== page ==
I came from a broken family who only knew broken ways. I felt adrift and couldn’t seem to find direction. Everything I did was always to please others, yet it left me empty and even more lost. I saw others being happy, successful, but every day felt like just more pain. I was terrified of making mistakes, paralyzed by the thought I might “fail” or be a “failure.” That’s one of the reasons I blog so much on changing our relationship with failure. If we don’t, we can never see success.
Anyway, in college, I ran across a book that changed something very important in my belief system. My roommate was watching Oprah and she was interviewing Iyanla Vanzant and talking about her first book In the Meantime. When I read the book, a large part of what was wrong became instantly clear. I was always either looking back—at my missteps, wrong choices, dumb moves, or even romanticizing the past—or I was looking to the future. I could be happy when…
Once I finished my degree, life would be different…
Once I landed a good job, life would be better…
Once, I had X, did Y, learned Z, THEN it would all be perfect.
What I was forgetting was the largest part of what we experience…the meantime. The meantime has a purpose. It changes us, grows us, prepares us for our futures. When we set about to become successful writers, we are sowing seeds of something great. Years later, Joyce Meyers took Iyanla’s teachings to the next level for me. She taught me that:
There is seed, time and harvest.
More accurately, there is seed…TIIIIIIIIIIIMMMMME, MORE TIIIIIIIMMMMEEE, PROBABLY EVEN MORE TIMMMMMMMEEEE, then harvest. (Repeat)
Joyce helped me understand that patience is more than the ability to wait; it’s how we act while we wait. We have to learn to get good at the waiting. We need to make use of the waiting. That’s part of why I write so many lessons about the character we need to be successful. The world is full of shooting stars, people who rise to the top, but who lack the character and strength of will to remain there. We can use the meantime to grow as people and professionals so that when fortune finally favors us, we have staying power.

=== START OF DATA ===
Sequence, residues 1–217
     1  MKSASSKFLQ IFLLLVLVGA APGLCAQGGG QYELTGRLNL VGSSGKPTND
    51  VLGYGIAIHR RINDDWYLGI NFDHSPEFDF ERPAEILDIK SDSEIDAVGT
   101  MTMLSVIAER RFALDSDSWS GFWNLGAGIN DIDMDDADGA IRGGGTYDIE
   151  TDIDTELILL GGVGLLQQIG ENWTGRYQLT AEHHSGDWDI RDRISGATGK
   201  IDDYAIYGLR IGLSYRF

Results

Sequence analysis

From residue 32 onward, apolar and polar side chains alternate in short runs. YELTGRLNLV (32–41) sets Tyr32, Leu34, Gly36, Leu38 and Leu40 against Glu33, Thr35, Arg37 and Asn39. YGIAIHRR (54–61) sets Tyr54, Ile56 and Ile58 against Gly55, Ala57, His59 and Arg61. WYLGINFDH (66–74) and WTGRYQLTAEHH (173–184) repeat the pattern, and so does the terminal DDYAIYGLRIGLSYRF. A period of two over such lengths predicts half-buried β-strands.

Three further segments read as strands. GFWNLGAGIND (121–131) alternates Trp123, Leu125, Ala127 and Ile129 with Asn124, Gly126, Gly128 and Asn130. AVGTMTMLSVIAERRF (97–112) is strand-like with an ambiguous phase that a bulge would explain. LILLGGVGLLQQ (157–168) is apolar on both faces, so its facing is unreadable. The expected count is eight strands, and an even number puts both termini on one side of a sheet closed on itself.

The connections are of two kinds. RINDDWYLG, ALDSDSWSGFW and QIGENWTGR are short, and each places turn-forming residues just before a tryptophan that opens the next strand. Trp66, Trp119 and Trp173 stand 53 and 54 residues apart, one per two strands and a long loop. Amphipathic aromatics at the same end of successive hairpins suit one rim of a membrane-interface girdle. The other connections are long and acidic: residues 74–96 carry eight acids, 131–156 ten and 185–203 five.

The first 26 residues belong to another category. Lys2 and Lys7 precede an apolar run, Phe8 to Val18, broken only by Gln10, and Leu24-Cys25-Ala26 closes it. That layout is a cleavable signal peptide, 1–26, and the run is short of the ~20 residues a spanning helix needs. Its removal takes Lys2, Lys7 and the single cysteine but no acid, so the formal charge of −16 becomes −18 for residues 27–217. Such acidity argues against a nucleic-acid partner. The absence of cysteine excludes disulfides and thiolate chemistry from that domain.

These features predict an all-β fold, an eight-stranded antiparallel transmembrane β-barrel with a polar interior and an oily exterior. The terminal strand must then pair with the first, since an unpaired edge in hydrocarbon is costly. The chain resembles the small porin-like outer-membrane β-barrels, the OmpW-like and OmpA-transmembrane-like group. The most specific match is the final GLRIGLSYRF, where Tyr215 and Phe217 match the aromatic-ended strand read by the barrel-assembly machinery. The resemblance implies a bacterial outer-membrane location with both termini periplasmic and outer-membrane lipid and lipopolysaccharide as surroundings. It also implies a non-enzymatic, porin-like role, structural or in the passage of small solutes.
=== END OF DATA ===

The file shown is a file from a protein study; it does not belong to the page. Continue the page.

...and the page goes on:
The meantime has a purpose, but it’s usually longer than we’d like it to be. It’s the part the movies puts into a montage. It’s where the newbie and mentor finally are on the same page and we see the protagonist running in the snow, punching bags, or studying all night. It’s about three minutes long and has nifty music, and man, wouldn’t it be awesome if we could just do the tough part of this journey in a montage?
*sings * I need a montage, a MONTAGE!
We all want to reach the mountain top , but nothing grows there. We will spend most of our lives in the valley on our way to the next mountain and the next. Once you finish your first book, then you need to edit, to publish. Then there is the next book and the next. Mountain after mountain with valley in between.
But the valley is where we grow. Valley is meantime. Make your meantime count. Learn, make friends, forge relationships. Instead of fixating on sales numbers of your book, let it go. Write more. Read about the craft. Take craft classes and write more books. Meantime is everything and if we don’t learn to enjoy it, we miss out on the largest part of life.
Do you struggle with your meantime? Is it hard waiting? I know I am still growing in that area for sure! Have you become good at waiting? Do you find joy in your meantime? How? Tell us about it!
I love hearing from you!
To prove it and show my love, for the month of March, everyone who leaves a comment I will put your name in a hat. If you comment and link back to my blog on your blog, you get your name in the hat twice. If you leave a comment, and link back to my blog, and mention my book We Are Not Alone in your blog…you get your name in the hat THREE times. What do you win? The unvarnished truth from yours truly.
I will pick a winner once a month and it will be a critique of the first 20 pages of your novel, or your query letter, or your synopsis (5 pages or less).
And also, winners have a limited time to claim the prize, because what’s happening is there are actually quite a few people who never claim the critique, so I never know if the spam folder ate it or to look for it and then people miss out. I will also give my corporate e-mail to insure we connect and I will only have a week to return the 20 page edit.
At the end of March I will pick a winner for the monthly prize. Good luck!